Garry Jones relates the importance of breathing on mental and emotional health and how we can help ourselves feel better

A key method for relieving feelings of depression and anxiety is centered around breath cycles. Literally all you will do is breathe. No other requirement. Do nothing!

Like yoga asana practice and meditation, breathing practices can have a powerful effect on how you feel, and in dealing with difficult emotional states like anxiety or depression.

The way you breathe is telling of what is occurring in your mind - and it requires attention, now. To help alleviate feelings of stress and worry, focusing on truly opening the capacity of your lungs can bring great rewards. Everything comes back to your breathing, it’s integral to life. Here are five steps so you can harness its true power.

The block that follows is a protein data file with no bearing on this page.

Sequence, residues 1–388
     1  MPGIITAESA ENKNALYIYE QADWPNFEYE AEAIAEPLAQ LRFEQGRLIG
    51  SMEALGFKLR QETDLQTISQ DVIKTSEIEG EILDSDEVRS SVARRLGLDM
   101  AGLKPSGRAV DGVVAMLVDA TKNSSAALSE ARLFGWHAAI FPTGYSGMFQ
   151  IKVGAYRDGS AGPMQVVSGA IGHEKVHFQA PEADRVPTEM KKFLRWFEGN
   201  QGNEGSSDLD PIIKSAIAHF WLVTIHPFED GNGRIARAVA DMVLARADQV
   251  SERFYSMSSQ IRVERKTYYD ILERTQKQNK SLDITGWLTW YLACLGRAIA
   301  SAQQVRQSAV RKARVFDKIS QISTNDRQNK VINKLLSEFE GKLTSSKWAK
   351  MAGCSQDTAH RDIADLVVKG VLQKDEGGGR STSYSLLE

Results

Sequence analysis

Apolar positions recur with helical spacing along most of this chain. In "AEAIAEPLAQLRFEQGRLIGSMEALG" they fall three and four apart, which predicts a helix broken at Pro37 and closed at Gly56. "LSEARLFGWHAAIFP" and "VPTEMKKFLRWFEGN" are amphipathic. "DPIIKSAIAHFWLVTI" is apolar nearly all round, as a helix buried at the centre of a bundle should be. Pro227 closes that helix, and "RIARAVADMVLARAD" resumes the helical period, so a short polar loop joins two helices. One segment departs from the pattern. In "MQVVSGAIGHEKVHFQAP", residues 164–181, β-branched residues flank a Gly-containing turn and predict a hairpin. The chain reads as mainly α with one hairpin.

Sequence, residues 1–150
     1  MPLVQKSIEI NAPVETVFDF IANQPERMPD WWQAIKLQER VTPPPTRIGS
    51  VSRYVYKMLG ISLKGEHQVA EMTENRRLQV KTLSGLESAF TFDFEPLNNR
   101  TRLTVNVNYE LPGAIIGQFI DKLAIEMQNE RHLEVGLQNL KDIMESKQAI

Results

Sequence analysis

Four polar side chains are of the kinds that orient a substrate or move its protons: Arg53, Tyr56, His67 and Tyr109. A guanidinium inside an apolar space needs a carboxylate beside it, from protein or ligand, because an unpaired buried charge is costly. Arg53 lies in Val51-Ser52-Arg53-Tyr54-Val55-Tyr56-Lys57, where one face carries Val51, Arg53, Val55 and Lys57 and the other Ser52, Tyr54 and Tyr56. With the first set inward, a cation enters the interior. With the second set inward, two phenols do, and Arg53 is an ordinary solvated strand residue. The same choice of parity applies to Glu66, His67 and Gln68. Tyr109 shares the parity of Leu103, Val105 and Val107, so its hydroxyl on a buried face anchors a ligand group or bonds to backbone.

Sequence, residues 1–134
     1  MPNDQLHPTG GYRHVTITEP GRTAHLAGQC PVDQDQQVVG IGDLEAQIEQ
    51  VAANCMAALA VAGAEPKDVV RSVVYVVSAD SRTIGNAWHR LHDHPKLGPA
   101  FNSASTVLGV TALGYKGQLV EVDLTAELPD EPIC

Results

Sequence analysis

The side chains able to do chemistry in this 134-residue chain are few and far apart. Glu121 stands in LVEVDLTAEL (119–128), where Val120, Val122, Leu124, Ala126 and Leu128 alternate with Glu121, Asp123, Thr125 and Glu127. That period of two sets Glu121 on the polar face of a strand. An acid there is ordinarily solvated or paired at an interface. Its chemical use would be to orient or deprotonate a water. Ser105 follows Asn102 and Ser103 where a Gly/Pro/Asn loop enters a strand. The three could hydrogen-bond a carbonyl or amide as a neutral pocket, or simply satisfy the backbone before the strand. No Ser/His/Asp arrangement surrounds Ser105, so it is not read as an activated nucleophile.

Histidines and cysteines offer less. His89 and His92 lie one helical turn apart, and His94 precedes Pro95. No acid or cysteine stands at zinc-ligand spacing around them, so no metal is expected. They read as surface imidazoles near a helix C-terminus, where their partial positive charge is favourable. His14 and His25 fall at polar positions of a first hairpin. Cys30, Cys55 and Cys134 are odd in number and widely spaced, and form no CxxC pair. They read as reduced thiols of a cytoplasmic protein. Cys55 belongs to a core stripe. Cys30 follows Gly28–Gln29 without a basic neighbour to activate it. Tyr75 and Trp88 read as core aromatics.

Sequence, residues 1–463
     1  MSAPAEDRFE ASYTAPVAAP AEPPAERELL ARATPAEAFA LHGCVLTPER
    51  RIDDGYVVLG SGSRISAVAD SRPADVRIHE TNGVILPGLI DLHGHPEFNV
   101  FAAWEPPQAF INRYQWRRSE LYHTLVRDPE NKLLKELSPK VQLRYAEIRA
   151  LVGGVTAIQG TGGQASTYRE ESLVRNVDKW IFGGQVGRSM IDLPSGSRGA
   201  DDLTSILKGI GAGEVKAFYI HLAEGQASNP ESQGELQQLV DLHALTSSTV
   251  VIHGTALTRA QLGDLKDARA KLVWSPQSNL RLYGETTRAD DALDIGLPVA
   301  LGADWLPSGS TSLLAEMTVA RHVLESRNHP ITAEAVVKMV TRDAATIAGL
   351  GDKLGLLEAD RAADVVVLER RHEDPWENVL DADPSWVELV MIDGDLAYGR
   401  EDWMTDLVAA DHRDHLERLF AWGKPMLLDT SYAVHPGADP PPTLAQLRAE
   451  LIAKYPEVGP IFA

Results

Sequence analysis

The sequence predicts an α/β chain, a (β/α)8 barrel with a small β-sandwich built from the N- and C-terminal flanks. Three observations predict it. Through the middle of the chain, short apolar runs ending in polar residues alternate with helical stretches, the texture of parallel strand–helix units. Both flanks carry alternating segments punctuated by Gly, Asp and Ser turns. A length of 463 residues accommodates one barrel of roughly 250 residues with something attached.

1. Do you breathe the earth or does the earth breathe you?

The answer is not a metaphysical one (well, maybe!). The answer most definitely is an anatomical one. When you ‘expire’ - that is literally ‘a little death’, which is where the word originates from in meaning - you expel all of the air from your lungs. To do that, you create a vacuum in your lungs and the air pressure inside of you becomes lower than that outside of you. A simple law of physics follows and because the air outside (the Earth’s atmosphere) is now of higher pressure than that inside of your lungs, the air rushes in. You don’t so much ‘breathe in’ as ‘receive in’. This really is an important point. To live, you receive air by creating the space inside of you to let it in. The Earth breathes us. The first thing you do when you escape the comfort of your mother’s womb is breathe in. You ‘inspire’. You take in pure air or spirit. It is one of the most traumatic examples in our life where we are unable to breathe, temporarily. The last thing you do as you leave this world is breathe out.

Neither of these acts requires conscious control of what we are doing. Not a conscious decision. They just happen.